“Wait a minute!” some have said. “This whole ‘building a relationship’ business seems too elaborate, too complex. I mean, maybe God just wants to save us. And what about the thief on the cross? He didn’t have time to ‘build a relationship!'”

The answer to the first point is: Of course, God wants to save us. But we must cooperate. And the stages of relationship describe how that process takes place. It matches well with the legal model (justification/sanctification/glorification), the Engel scale and other useful models of how we come to Christ.

And the thief on the cross not only demonstrates the validity of our relationship model, it explains some other things we know about when and how people become receptive to the gospel.

In the relational model we have been exploring, salvation begins at Level 5: Vulnerability, where we confess our faults to the other person. The thief on the cross skips straight to Level 5. Both of those being crucified with Jesus know Facts and Reports (Level 3) about Jesus, as Luke informs us (ch. 23, v. 39-42).

One of the criminals who were hanged there was hurling abuse at Him, saying, “Are You not the Christ? Save Yourself and us!” But the other answered, and rebuking him said, “Do you not even fear God, since you are under the same sentence of condemnation?  And we indeed are suffering justly, for we are receiving what we deserve for our deeds; but this man has done nothing wrong.” And he was saying, “Jesus, remember me when You come in Your kingdom!”

They both know about Jesus, but only one trusts in Jesus. The first thief speaks out of doubt: “Save yourself,” he says sarcastically. But the second thief does indeed move on to vulnerability, confessing his wrong: “we are receiving what we deserve.” And then he expresses his faith and trust: “remember me when [not if!] You come into Your kingdom.”

You see, the thief on the cross knew he was about to die. He recognized his vulnerability, and expressed it to Jesus. This explains something widely known among evangelists: people in transition are open to the gospel. Here, for example is Rick Warren on the subject:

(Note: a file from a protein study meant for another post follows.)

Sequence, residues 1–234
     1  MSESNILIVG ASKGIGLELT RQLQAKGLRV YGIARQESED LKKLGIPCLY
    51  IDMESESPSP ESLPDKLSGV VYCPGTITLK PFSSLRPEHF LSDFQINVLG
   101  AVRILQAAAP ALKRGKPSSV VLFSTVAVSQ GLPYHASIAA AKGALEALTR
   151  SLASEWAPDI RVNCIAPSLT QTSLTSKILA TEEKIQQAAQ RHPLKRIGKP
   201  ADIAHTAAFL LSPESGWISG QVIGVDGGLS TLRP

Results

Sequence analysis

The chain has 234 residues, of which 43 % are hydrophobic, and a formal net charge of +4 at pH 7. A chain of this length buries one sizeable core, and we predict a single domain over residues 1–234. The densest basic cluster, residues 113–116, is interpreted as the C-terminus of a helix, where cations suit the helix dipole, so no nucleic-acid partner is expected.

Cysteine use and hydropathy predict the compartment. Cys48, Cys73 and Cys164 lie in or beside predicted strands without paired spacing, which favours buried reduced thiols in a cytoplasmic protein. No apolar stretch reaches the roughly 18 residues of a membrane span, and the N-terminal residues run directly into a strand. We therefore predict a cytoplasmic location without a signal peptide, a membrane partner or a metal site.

When people are going through changes, good or bad, it makes them more open to the gospel. People in transition and those under tension are the most receptive.

Understanding salvation as a relationship, this makes perfect sense. People in transition and people under tension–like the thief of the cross–recognize that they are vulnerable. This awareness increases their willingness to admit their vulnerability, their faults, their need for help, for a savior. A person moving to a new community or a new job recognizes their need for help; a person on a long journey recognizes their need for guidance and direction; a person who is gravely ill needs care. All of these people are vulnerable, so it makes it easier for them to acknowledge that vulnerability. We have all heard, “There are no atheists in foxholes.” A foxhole is an attempt at providing minimal safety in an otherwise highly dangerous environment. People in foxholes recognize they are vulnerable; that’s why they are in the foxhole.

And so we see that salvation as a relationship accurately describes the process we experience, and what we see depicted in scripture. Salvation, justification–which is what the thief experienced–is the work of an instant. In the film Luther (2003), von Staupitz tells a tortured Luther to pray to Christ, “I am yours, save me.” That’s all it takes, a moment of vulnerability, an instant of openness, to initiate the process. If we want to grow, we move onto intimacy. But vulnerability is enough.

Read other posts from this series on Adventist Identity.